Stanley, the chamberlain, was reserved for a more impressive fate. His domestic connection with the king and his former services seemed to render him safe against any punishment; but Henry, thoroughly aroused by his perfidy, determined to bring the full weight of his vengeance upon him. Clifford was directed to come privately to England, and cast himself at the foot of the throne, imploring pardon for his past offences, and offering to condone his folly by any services which should be required of him. Henry, accepting his penitence, informed him that the only reparation he could now make was by disclosing the names of his abettors; and the turncoat at once denounced Stanley, then present, as, his chief colleague. The chamberlain indignantly repudiated the accusation; and Henry, with well-feigned disbelief, begged Clifford to be careful in making his charges, for it was absolutely incredible "that a man, to whom he was in a great measure beholden for his crown, and even for his life; a man to whom, by every honour and favour, he had endeavoured to express his gratitude; whose brother, the Earl of Derby, was his own father-in-law; to whom he had even committed the trust of his person by creating him lord chamberlain; that this man, enjoying his full confidence and affection, not actuated by any motive of discontent or apprehension, should engage in a conspiracy against him." But Clifford persisted in his charges and statements. Stanley was placed under arrest, and was subsequently tried, condemned, and beheaded.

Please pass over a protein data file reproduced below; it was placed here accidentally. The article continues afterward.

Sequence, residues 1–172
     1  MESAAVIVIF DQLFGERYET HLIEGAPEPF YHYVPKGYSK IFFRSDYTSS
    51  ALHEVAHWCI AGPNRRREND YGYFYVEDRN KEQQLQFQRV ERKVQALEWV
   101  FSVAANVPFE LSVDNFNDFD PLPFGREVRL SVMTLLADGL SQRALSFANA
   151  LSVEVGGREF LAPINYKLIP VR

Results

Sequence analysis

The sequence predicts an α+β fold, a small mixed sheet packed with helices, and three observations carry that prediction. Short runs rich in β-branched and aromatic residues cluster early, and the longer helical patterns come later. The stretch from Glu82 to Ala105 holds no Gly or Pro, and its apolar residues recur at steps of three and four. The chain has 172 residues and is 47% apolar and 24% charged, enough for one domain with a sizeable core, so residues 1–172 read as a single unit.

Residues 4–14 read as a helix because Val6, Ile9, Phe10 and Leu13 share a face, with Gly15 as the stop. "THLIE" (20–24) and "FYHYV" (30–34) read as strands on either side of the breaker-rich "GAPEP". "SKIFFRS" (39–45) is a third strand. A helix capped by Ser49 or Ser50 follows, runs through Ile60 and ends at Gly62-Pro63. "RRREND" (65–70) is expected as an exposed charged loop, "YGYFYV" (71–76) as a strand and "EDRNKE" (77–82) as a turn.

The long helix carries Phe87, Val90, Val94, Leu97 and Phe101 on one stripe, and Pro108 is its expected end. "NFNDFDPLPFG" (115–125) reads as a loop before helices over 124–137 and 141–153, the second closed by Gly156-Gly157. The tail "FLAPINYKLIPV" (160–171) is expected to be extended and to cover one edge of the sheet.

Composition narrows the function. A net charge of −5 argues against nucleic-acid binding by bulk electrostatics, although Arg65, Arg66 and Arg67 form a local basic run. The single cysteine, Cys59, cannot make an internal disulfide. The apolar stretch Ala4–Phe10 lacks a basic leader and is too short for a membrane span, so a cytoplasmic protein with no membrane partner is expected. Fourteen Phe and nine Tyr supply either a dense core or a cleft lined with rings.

The fate of the unfortunate chamberlain, and the defection of Clifford, created the greatest consternation in the camp of Perkin Warbeck. The king's authority was greatly strengthened by the promptness and severity of his measures, and the pretender soon discovered that unless he were content to sink into obscurity, he must speedily make a bold move. Accordingly, having collected a band of outlaws, criminals, and adventurers, he set sail for England. Having received intelligence that Henry was at that time in the north, he cast anchor off the coast of Kent, and despatched some of his principal adherents to invite the gentlemen of Kent to join his standard. The southern landowners, who were staunchly loyal, invited him to come on shore and place himself at their head. But the wary impostor was not to be entrapped so easily. He declined to trust himself in the hands of the well-disciplined bands which expressed so much readiness to follow him to death or victory; and the Kentish troops, despairing of success in their stratagem, fell upon such of his retainers as had already landed, and took 150 of them prisoners. These were tried, sentenced, and executed by order of the king, who was determined to show no lenity to the rebels. Perkin being an eye-witness of the capture of his people, immediately weighed anchor, and returned to Flanders.